Viruses whose capsids are not covered by an envelope are known as non enveloped viruses.The capsid of
a nonenveloped virus protects the nucleic acid from nuclease
enzymes in biological fluids and promotes the virus's attachment
to susceptible host cells.
When the host has been infected by a virus, the host immune
system is stimulated to produce antibodies (proteins that react
with the surface proteins of the virus). This interaction between
host antibodies and virus proteins should inactivate the virus
and stop the infection. However, some viruses can escape antibodies
because regions of the genes that code for these viruses'
surface proteins are susceptible to mutations. The progeny of
mutant viruses have altered surface proteins, such that the antibodies
are not able to react with them. Influenza virus frequently
undergoes such changes in its spikes. This is why you can get  influenza more than once. Although you may have produced antibodies to one influenza virus, the virus can mutate & infect again.


Viruses may be classified into several different morphological
types on the basis of their capsid architecture. The structure of
these capsids has been revealed by electron microscopy and a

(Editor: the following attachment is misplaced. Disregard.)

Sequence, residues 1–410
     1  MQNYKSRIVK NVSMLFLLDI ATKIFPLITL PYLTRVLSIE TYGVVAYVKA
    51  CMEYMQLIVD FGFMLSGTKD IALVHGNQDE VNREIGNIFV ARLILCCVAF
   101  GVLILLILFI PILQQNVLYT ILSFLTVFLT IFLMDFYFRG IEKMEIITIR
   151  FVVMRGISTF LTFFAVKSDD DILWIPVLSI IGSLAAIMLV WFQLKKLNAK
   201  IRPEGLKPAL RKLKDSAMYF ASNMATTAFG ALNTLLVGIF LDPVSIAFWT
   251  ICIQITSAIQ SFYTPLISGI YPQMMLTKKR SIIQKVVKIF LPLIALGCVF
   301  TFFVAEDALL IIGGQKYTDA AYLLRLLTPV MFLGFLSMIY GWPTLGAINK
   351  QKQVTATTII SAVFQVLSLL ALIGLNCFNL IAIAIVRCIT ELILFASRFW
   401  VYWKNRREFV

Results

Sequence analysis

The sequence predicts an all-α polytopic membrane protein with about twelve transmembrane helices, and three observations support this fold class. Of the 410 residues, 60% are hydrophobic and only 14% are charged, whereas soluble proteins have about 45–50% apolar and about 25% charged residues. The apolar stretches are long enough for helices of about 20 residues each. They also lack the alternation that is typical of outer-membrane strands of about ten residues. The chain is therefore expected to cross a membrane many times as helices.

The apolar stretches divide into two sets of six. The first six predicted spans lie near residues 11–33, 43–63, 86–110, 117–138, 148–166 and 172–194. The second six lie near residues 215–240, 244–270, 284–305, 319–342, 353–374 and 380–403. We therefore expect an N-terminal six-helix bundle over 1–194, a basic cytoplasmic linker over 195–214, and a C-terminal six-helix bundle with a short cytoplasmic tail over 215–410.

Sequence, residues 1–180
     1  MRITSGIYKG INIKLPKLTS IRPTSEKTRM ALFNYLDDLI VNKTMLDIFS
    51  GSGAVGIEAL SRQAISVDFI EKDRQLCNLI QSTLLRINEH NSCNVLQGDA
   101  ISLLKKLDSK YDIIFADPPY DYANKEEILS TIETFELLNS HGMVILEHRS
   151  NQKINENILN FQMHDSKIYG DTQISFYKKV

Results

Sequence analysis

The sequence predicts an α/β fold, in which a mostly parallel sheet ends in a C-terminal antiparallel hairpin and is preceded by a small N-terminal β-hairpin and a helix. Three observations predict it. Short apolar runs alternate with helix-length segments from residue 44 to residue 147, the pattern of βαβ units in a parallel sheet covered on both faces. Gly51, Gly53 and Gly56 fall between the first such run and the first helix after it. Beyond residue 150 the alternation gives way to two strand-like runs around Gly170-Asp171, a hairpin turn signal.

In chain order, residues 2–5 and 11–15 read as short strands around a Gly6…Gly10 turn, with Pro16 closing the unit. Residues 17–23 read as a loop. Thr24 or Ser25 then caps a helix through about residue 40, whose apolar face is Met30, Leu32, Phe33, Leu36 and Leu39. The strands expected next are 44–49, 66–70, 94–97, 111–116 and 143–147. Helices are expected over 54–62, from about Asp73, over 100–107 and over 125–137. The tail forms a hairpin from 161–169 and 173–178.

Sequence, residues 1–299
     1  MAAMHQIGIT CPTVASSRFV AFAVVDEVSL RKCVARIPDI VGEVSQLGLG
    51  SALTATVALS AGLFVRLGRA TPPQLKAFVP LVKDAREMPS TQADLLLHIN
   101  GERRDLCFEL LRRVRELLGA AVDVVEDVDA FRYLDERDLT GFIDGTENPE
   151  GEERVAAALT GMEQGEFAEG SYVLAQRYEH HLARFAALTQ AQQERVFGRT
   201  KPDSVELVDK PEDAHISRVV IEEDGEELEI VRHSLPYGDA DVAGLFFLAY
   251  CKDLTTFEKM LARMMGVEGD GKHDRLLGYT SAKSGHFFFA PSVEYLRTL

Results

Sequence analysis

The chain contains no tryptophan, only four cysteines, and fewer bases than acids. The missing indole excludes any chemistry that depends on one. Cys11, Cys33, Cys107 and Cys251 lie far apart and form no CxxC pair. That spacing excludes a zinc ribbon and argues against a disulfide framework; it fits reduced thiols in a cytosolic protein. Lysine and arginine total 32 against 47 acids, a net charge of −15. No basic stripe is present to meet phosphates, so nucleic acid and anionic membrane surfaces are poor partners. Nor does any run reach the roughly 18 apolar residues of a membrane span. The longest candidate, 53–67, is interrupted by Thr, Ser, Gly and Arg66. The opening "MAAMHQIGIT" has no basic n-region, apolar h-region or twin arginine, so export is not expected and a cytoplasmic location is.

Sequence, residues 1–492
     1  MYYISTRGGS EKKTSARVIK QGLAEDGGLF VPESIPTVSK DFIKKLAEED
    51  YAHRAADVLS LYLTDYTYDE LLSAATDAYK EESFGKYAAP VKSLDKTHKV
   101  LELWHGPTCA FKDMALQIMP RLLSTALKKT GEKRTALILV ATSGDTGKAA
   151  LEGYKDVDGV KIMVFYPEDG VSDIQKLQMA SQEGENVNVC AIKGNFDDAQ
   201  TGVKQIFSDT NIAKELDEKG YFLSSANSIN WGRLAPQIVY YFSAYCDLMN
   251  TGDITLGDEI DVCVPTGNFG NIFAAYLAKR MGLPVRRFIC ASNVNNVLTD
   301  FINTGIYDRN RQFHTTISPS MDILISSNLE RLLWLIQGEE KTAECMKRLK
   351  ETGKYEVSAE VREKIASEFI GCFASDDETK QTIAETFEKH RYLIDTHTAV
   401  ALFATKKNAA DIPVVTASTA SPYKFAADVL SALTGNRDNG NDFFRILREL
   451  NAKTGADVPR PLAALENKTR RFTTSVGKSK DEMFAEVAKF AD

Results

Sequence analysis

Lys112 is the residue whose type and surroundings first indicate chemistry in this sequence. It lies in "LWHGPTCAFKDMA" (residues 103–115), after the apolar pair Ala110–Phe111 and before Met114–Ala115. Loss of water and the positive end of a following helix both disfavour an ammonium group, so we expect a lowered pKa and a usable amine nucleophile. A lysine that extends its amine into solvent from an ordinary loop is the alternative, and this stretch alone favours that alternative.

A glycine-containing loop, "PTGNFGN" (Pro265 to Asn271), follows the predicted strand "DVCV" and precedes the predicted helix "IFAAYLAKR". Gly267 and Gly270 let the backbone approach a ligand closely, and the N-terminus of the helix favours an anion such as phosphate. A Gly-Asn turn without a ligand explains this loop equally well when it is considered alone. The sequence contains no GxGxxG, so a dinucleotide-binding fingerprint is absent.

technique called X-ray crystallography.

Helical viruses:

Helical viruses resemble long rods that may be rigid or flexible.
The viral nucleic acid is found within a hollow, cylindrical capsid
that has a helical structure . The viruses that
cause rabies and Ebola hemorrhagic fever are helical viruses.

Polyhedral Viruses:

Many animal, plant, and bacterial viruses are polyhedral, or many sided,
viruses. The capsid of most polyhedral viruses is in the shape  of an icosahedron, a regular polyhedron with 20 triangular faces and
12 corners. The capsomeres of each face form an
equilateral triangle. An example of a polyhedral virus in the shape
of an icosahedron is the adenovirus.
Another icosahedral virus is the poliovirus.

Enveloped Viruses:

As noted earlier, the capsid of some viruses is covered by an envelope.
Enveloped viruses are roughly sphericaL When helical or
polyhedral viruses are enclosed by envelopes, they are called
enveloped helical or enveloped polyhedral viruses. An example of an
enveloped helical virus is the influenza virus.
An example of an enveloped polyhedral (icosahedral) virus is the
herpes simplex virus.

Complex Viruses
Some viruses, particularly bacterial viruses, have complicated
structures and are called complex viruses. One example of a
complex virus is a bacteriophage. Some bacteriophages have capsids
to which additional structures are attached .Another example of complex viruses are poxviruses, which do not contain clearly identifiable capsids but have several coats around the nucleic acid.

Cited By Kamal Singh Khadka
Msc Microbiology TU


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